GoPro (NASDAQ:GPRO) released second-quarter 2019 results on Thursday after the markets closed, delivering a slightly smaller adjusted profit on lower revenue than most analysts were expecting. 

But with the help of impending product launches and the accelerated growth from its recently improved Plus subscription service, the action camera specialist also followed by raising its full-year revenue and earnings guidance.

With shares up around 5% in after-hours trading as of this writing -- albeit after a similar decline in today's session ahead of the report -- let's pan in for a clearer view of how GoPro ended the first half, as well as what investors should be watching for the rest of 2019.

GoPro HERO 7 Black camera falling into dark gray water.

IMAGE SOURCE: GOPRO

GoPro's results: The raw numbers

Metric

Q2 2019

Q2 2018

Growth (YOY)

Revenue

$292.4 million

$282.7 million

3.4%

GAAP net income (loss)

($11.3 million)

($37.3 million)

N/A

GAAP earnings (loss) per share

($0.08)

($0.27)

N/A

Data source: GoPro. YOY = year over year. 

What happened with GoPro this quarter?

  • Excluduing GoPro's aerial (drone) business, which it exited last year, revenue would have increased 9%.
  • On an adjusted (non-GAAP) basis, which excludes items like stock-based compensation and restructuring expenses, GoPro generated net income of $4 million, or $0.03 per share, swinging from a net loss of $20.8 million, or $0.15 per share in the same year-ago period.
  • For perspective, most analysts were modeling slightly higher adjusted net income of $0.04 per share on revenue closer to $302 million.
  • Adjusted gross margin expanded five percentage points year over year to 36%.
  • Adjusted EBITDA was $13.6 million, swinging from an adjusted EBITDA loss of $8.7 million this time last year.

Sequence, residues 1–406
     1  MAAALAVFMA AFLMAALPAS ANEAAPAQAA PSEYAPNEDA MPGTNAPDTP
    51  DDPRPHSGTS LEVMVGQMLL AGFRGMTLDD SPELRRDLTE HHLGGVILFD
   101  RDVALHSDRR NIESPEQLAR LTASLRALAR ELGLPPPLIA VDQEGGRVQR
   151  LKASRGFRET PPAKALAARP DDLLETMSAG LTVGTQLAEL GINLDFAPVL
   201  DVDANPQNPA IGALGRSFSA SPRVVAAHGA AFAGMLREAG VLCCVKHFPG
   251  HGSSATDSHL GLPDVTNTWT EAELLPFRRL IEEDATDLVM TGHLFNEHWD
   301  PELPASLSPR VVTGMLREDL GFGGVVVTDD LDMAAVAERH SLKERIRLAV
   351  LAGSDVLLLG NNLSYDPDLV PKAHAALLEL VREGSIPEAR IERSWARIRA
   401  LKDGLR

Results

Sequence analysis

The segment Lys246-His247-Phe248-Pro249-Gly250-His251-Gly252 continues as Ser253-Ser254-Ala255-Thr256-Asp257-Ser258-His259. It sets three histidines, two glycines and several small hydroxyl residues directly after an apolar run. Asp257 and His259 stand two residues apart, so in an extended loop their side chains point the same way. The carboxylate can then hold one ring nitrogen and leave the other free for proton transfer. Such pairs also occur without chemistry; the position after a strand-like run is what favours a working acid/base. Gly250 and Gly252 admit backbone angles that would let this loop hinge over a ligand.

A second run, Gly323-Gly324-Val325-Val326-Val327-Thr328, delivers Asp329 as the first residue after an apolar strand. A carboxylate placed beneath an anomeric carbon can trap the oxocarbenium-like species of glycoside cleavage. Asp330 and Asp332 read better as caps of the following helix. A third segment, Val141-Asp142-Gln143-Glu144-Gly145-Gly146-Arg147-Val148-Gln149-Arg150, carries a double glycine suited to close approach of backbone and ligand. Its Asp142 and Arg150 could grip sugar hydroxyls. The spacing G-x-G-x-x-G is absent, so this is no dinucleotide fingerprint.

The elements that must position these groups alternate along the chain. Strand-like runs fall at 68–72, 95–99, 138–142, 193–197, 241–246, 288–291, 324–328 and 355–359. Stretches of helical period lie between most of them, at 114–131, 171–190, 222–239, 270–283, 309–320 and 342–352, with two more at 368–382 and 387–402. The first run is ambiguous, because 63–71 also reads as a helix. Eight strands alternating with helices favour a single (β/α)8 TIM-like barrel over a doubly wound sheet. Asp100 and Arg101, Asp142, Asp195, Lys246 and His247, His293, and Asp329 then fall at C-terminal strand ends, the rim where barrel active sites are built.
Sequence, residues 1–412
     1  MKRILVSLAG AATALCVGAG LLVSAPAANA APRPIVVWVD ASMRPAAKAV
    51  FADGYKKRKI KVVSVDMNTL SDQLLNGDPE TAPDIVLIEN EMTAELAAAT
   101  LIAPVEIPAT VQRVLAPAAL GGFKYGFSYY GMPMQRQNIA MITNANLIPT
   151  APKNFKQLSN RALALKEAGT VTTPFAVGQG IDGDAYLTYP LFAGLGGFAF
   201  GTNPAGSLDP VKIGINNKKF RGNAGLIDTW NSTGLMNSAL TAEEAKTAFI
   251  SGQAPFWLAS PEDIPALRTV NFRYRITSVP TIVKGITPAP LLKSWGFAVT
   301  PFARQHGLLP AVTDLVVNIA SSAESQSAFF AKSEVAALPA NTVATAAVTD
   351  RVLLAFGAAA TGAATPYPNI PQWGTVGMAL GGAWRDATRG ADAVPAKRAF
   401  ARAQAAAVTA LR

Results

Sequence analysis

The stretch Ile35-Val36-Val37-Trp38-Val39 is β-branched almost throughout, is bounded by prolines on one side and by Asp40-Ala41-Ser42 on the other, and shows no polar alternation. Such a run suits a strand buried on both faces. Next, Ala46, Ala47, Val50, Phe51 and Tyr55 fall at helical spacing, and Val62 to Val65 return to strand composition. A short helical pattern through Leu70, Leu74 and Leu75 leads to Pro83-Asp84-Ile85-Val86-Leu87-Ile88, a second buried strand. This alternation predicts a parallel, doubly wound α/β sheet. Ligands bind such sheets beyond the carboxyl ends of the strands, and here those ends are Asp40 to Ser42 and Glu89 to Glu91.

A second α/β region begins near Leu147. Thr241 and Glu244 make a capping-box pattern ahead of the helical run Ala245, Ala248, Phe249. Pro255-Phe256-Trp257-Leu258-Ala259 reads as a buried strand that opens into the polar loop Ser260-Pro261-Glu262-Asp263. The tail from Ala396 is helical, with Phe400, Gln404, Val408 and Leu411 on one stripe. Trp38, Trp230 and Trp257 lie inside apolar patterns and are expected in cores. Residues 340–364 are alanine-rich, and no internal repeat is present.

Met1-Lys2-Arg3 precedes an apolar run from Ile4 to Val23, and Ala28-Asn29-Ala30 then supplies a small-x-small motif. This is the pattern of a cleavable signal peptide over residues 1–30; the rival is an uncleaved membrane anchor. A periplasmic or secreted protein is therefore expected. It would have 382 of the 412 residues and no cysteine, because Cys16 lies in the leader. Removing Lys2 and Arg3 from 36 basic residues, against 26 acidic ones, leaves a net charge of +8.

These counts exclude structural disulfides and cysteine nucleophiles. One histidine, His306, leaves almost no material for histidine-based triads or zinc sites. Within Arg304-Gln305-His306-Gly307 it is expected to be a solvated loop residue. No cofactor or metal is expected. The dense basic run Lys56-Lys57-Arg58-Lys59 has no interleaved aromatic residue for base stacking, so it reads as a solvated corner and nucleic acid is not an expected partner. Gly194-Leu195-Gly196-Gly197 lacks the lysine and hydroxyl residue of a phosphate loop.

• GoPro reduced its adjusted operating expenses by 6%, or $7 million from last year's second quarter. GAAP operating expenses declined by $5 million, or 4% year over year.
  • In an effort to avoid tariffs on products made in and imported from China, starting in June GoPro began manufacturing its U.S.-bound cameras in Guadalajara, Mexico.
  • Camera units shipped increased 1% year over year to 1.082 billion.
  • GoPro.com saw record second-quarter traffic, climbing 22% year over year, and total e-commerce sales grew 55%.
  • Active paying GoPro Plus subscribers exceeded 252,000 this quarter, up 50% year over year and up 15% sequentially from 220,000 last quarter.

What management had to say, looking forward

"In the second quarter, we grew revenue and achieved profitability on a non-GAAP basis," stated GoPro's founder and CEO, Nick Woodman. "Given our continued sell-through momentum, channel inventory levels and the strength of new products slated for later this year, we are raising our outlook for the second half of 2019."

More specifically, during the subsequent conference call GoPro told investors it now expects 2019 revenue to increase 9% to 12% (up from between 7% and 10% previously), which should translate to adjusted earnings of roughly $0.40 per share (up a nickel per share from the midpoint of its previous target range).

In the end, GoPro's top-line growth and narrow bottom-line profits might not seem exciting at first glance. But if it can achieve a stronger second half as promised, that progress will appear much more pronounced, helping the stock resume its upward trajectory.